The lines leave the generating station at an elevation of about 3,700 feet, pass over three distinct summits, including the Continental Divide, at which point they reach an elevation of 7,300 feet above sea level. There are two parallel lines extending from the generating station on the Missouri River to the Butte substation. They are located in the main on a private right of way 200 feet in width, from which all timber was removed. Each of the lines carries three copper cables arranged in a triangular position, seventy-eight inches apart. The cables are composed of seven strands and have an area of 106,000 circular mils. Fig. 7 illustrates the upper part of a standard pole.
The poles are of Idaho cedar, the cross-arms of Oregon fir, the braces and pins of white oak, and the insulators and sleeves of glass. The cross-arms, braces and pins are held in place by means of through bolts. The pins in the top of the poles are of larger size and of greater length than those in the cross-arms, to provide for the greater strains there present. The pins were prepared by being first dried and then treated in paraffine, until all moisture was removed, and were then tested to 60,000 volts.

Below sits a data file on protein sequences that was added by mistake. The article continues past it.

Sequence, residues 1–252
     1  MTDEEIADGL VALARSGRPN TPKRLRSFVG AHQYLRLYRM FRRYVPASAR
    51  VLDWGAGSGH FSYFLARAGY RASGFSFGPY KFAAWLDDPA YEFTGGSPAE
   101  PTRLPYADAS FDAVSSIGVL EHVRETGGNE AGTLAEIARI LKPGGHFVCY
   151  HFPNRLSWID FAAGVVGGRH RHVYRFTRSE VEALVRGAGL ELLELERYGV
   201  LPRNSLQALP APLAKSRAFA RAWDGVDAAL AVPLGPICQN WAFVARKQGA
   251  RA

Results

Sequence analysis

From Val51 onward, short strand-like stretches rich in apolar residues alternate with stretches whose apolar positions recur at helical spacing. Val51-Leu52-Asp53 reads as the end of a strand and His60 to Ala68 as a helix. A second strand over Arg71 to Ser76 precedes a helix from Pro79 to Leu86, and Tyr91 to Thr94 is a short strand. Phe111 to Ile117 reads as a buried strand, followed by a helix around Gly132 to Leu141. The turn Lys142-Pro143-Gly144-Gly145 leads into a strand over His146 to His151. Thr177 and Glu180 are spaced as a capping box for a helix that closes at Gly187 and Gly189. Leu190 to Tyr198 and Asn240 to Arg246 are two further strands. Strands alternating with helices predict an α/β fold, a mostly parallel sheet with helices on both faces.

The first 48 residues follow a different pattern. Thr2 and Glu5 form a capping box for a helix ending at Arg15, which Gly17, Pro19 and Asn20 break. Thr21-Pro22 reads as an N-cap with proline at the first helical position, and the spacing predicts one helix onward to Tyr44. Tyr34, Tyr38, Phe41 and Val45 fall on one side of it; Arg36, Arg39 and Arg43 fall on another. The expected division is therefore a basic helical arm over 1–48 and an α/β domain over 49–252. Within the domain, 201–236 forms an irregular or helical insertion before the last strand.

The circuits are transposed five times, making two complete turns between the generating station and the substation. The switching arrangements are such that the circuits may be operated either singly or in multiple. A telephone circuit is located on one of the lines and gives good results in service. The poles are from thirty-five to seventy-five feet in length, and the pole-tops are from nine to twelve inches in diameter. The poles are set from six to eight feet in the ground, according to height, and the standard spacing is one hundred and ten feet, with a maximum spacing of one hundred and fifty feet, when required by the nature of the ground. Fig. 28 shows the lines through timbered country.
The constructions just described were selected as typical examples of what has been accomplished in the building of high tension transmissions. Several of the lines mentioned have been in regular operation for periods varying from one to three years, and are in no sense experiments, but rather represent successful commercial undertakings. Other interesting and well-known systems might have been described had the limits of this paper permitted a further expansion of the subject.